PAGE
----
Two female patients taken to a hospital emergency room indicated they were among numerous people who used sex to pay for narcotics from suspect Julio Gabriel Diaz, according to an affidavit filed in the case.
Some patients diverted the pills to the black market or suffered fatal overdoses, authorities said, noting that a man who died in November was prescribed 2,087 pills in the six weeks before he died.
Diaz, 63, is accused of supplying OxyContin, Vicodin and Norco and other drugs to addicts with no legitimate need for the powerful narcotics. He was arrested at his Goleta home on Wednesday by Drug Enforcement Administration agents and Santa Barbara police.
Diaz, who operates the Family Medical Clinic in Santa Barbara, is scheduled to appear before a federal judge in Santa Ana later Thursday. He could face up to 20 years in prison if convicted.
Court documents say a dozen deaths have been linked to Diaz _ 11 overdoses and a patient who died of natural causes with drug abuse as a contributing factor.
“They believe I was giving too much medication,” Diaz told a reporter after his arrest and raid at his Santa Barbara office.
He initially told the Times he was aware of only one fatal overdose within his practice. After questioning by reporters, he acknowledged multiple deaths and said he shared blame in some of them.
“I do feel responsible,” Diaz told the Times. “I was the one providing the medications and perhaps there were some hints there that I should have known they were going to overdose.”
Diaz said that even in some cases in which he suspected a patient was abusing drugs, he would continue prescribing so that he could manage what they were taking.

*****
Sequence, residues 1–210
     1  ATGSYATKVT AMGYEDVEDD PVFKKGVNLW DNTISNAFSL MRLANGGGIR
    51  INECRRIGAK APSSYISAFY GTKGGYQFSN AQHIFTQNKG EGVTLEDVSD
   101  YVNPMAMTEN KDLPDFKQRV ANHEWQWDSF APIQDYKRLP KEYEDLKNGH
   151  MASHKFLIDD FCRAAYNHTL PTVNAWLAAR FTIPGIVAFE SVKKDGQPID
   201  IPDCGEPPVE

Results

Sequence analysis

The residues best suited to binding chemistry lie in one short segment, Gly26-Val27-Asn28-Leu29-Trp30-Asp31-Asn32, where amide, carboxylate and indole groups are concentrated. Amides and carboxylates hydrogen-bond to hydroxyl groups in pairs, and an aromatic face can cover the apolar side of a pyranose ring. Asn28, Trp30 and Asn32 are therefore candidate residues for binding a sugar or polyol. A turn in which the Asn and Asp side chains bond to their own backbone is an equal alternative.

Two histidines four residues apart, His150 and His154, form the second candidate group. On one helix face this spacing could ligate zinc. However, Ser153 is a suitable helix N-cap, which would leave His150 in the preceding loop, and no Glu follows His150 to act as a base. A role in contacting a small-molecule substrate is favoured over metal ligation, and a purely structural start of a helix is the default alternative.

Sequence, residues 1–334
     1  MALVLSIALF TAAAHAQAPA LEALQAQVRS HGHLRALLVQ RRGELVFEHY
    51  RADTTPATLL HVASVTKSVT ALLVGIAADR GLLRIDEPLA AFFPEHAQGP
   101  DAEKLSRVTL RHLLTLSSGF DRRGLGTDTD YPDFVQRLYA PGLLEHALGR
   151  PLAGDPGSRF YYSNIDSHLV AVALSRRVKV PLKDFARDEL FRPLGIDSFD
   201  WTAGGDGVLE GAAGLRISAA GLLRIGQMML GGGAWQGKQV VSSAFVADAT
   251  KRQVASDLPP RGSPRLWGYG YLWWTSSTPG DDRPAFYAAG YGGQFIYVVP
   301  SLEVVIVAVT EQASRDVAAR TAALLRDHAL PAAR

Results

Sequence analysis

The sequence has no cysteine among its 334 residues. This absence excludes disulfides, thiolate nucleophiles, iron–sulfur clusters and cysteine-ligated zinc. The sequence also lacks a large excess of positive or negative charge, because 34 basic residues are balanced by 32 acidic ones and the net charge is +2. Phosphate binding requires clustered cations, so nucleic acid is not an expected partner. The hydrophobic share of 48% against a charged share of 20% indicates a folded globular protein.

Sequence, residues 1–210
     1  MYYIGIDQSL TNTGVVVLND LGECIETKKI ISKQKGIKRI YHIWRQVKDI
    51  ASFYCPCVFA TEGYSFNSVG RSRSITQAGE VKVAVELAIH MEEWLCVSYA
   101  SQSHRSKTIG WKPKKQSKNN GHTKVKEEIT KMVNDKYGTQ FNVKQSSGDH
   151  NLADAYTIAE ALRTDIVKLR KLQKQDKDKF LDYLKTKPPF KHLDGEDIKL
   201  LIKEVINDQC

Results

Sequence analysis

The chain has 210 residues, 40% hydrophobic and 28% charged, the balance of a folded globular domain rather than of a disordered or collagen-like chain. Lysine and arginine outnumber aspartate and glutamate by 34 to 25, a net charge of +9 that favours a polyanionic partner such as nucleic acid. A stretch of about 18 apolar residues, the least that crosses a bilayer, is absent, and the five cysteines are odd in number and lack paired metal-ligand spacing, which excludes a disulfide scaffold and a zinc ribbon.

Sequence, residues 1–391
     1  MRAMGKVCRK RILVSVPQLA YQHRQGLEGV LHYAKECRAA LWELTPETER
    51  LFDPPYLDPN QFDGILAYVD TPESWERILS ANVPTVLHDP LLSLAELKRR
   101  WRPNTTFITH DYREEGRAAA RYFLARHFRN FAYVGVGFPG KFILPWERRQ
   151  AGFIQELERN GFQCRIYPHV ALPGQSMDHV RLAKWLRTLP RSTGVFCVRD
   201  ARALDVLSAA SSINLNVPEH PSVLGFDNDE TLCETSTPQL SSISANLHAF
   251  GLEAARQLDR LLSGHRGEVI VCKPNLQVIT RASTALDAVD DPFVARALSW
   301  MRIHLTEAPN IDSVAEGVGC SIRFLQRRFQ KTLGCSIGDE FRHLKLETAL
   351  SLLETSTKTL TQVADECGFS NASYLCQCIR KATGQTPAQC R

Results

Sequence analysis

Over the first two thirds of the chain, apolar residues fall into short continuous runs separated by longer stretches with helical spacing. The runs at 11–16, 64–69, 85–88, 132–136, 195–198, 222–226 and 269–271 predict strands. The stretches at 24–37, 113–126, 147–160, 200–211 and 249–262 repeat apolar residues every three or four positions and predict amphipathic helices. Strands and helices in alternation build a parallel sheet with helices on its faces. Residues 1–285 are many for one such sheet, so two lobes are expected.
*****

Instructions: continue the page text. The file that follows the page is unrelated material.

“If you don’t give them the medications, they are going to go to the street,” he said. “That has become an issue of: What is the worse of two evils?”
Diaz has not been charged in connection with the deaths, which remain under investigation. It was not immediately clear if he had a lawyer.
“The illegal sale and abuse of prescription narcotics is a growing problem that feeds addictions and leads to other criminal conduct,” U.S. Attorney Andre Birotte Jr. said in a statement. “These doctors are drug dealers and they will face stiff penalties in federal court.”
Doctors, nurses and others at Santa Barbara Cottage Hospital wrote to the Medical Board of California to complain about Diaz, according to the affidavit.
One letter said Diaz “is often described as a ‘doctor you can get anything from’ by patients.”
A Cottage Hospital psychiatric therapist told investigators that “people referred to Diaz as the ‘Candy Man’ and that people drove from out of town to see him ‘because they knew he was the man to go to for drugs.”‘
Dr. Chris Lambert, who until recently was senior partner of the emergency medical group at Cottage Hospital, told the Times he and colleagues watched in frustration for years as Diaz patients showed up in his emergency room.
“How many deceased patients and bereaved relatives will it take before somebody says no more?” Lambert asked. “There is an underserved population that Dr. Diaz was serving. But, unfortunately, his prescribing practices far outweighed the benefit.”
A study by an insurance company documented nearly $1 million in claims for prescriptions written by Diaz over a three-year period, the affidavit said.